Anyone who has experienced life in this historic town knows how tough it can be. Having only lived here for a year, I’m still able to see the problems, and believe me there are many.
First of all, there’s just too much history in this old city. Who has time to learn 400+ years of history? Your kids will come home with tales of Ponce De Leon, Pedro Menendez, and Henry Flagler. And they’ll have questions. Spend enough time in town and you’ll hear so many battle and ghost stories your head will hurt.
The old cobblestone streets, quaint for some, but a big problem for women. New-comers to St. Augustine can be spotted wobbling along the uneven streets in their high heels in the early evening. Later, after they’ve given up, you’ll see them barefoot and carrying their shoes. So unless you’re willing to risk a broken ankle, you’ll have to trade the heels for flip-flops or more-forgiving sandals.
The endless sunshine is blinding at times, particularly when it reflects off of the water. Don’t expect to see anything without squinting, which is a pain when you’re trying to watch your giggling little ones play in the surf.
Distant relatives and long lost friends will suddenly want to pay you a visit. Everyone likes an excuse to travel and you just might be it. Great Aunt Erma on your mother’s side has been reliving her childhood memories of St. Augustine and would love to come back… and get together with you. Nevermind the fact she hasn’t seen you since you were a baby.
After seeing your amazing Facebook photos, former friends and colleagues will decide they too would like to “drop by,” and oh yeah they’ll be staying with you. But not to worry “I won’t get in your way” they say. “I’ll just do my own thing and occupy myself.” Don’t believe them. It never happens. You’ll spend days playing tour guide and discovering new things about St. Augustine. They’ll probably go back and tell your other friends and then they too will want to visit.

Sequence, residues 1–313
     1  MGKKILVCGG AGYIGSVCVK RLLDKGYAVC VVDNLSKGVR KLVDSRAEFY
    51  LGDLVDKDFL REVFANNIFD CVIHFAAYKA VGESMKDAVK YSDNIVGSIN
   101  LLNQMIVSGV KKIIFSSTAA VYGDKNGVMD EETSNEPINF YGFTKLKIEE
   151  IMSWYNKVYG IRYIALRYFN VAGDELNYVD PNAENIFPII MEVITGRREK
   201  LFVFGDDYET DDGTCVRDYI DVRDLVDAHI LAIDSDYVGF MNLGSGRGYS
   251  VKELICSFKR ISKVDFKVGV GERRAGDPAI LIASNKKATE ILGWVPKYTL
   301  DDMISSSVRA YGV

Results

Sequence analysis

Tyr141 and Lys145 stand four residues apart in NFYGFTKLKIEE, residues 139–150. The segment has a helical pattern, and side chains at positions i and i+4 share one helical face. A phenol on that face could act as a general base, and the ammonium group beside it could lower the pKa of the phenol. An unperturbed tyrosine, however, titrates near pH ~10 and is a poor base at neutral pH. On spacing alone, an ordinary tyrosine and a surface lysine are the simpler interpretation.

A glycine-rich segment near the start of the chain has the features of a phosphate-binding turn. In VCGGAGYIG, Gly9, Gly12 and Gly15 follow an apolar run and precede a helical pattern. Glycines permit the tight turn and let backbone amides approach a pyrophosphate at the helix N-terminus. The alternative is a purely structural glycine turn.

Lets not forget about the traffic- Especially when you’re running late. Inevitably you’ll find yourself stuck behind a horse and carriage. Much different than beltway traffic, for one thing if you honk the horn, rather than getting shot or flicked off as in some cities, the driver will probably slow down even more. You may not think that’s even possible, but it is. And maybe you’re not breathing in exhaust fumes, but trust me there’s still a distinct aroma.
The Bridge of Lions is also a huge problem. I’m not even sure it operates on a regular schedule. The operator must be on “St. Augustine time.” I try to cross only when it isn’t scheduled to be up, but at least half the time, there it is, straight up in the air. Being stuck on there is a nightmare. Who has the time to sit in the bay breeze and watch sailboats pass by?
Eating at home is impossible in this town. There are way too many popular restaurants, many with outdoor seating and remarkable views of the intracoastal… all within walking distance. Their food, I’m convinced, is laced with some addictive additive to keep you coming back. Once you’re hooked, standing over a stove in your own kitchen, especially in the warm weather, is out of the question.
People here are much too relaxed. Just because the sign in the window says open at 10:00, doesn’t mean its true, it could be 10:15 or 10:30, it just depends on the owners mood that day. Meetings and appointments rarely start on time and no one ever seems to care. Its essential to allow buffer time both before and after your appointments and never ever schedule them too close together. Be prepared to spend lots of time chit-chatting and admiring small children and pets that are bound to be present during at least some meetings.
Working at home is especially tough when you’re constantly bombarded with ads and Facebook messages about the continuous parades, festivals, and events happening. Focusing on work is incredibly tough when there’s so much going on (As, I sit on my front porch/office writing this, a Spanish soldier in a 1700’s outfit is driving past – on a segway. Total unnecessary distraction).
So, take my advice and stay where you are, especially if you’re up North. Find ways to appreciate your snow and ice, and bare fall trees. You’ll get much more accomplished, eat more home-cooked meals and best of all, Aunt Erma will never try to visit…
**To those of you who have lost your sense of humor or have trouble recognizing mine (I get it), making St. Augustine my home was the best thing I’ve ever done. I still can’t believe I actually live here. Makes me want to pinch myself to make sure it’s for real. Most mornings just after sunrise, I drive down the bumpy cobblestone street, drop my daughter at school, then sit on the seawall to drink my coffee as the sun comes up over the Mantanzas Bay. It’s where I do my best thinking. I wouldn’t trade life here for anything and P.S. I really do love my visitors 🙂